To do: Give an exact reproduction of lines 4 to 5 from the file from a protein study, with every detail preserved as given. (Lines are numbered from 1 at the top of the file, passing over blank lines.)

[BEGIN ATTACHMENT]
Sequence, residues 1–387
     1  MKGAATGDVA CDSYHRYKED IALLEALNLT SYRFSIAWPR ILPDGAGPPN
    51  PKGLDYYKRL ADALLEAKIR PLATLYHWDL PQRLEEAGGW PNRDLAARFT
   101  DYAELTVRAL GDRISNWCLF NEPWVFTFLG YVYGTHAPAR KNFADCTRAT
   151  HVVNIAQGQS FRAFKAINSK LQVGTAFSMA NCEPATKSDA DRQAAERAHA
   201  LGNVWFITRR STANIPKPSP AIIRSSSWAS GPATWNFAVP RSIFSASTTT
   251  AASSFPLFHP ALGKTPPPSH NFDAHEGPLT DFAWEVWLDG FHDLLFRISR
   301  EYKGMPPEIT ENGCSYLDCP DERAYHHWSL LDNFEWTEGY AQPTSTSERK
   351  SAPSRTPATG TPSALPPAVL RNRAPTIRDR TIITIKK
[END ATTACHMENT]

   101  DYAELTVRAL GDRISNWCLF NEPWVFTFLG YVYGTHAPAR KNFADCTRAT
   151  HVVNIAQGQS FRAFKAINSK LQVGTAFSMA NCEPATKSDA DRQAAERAHA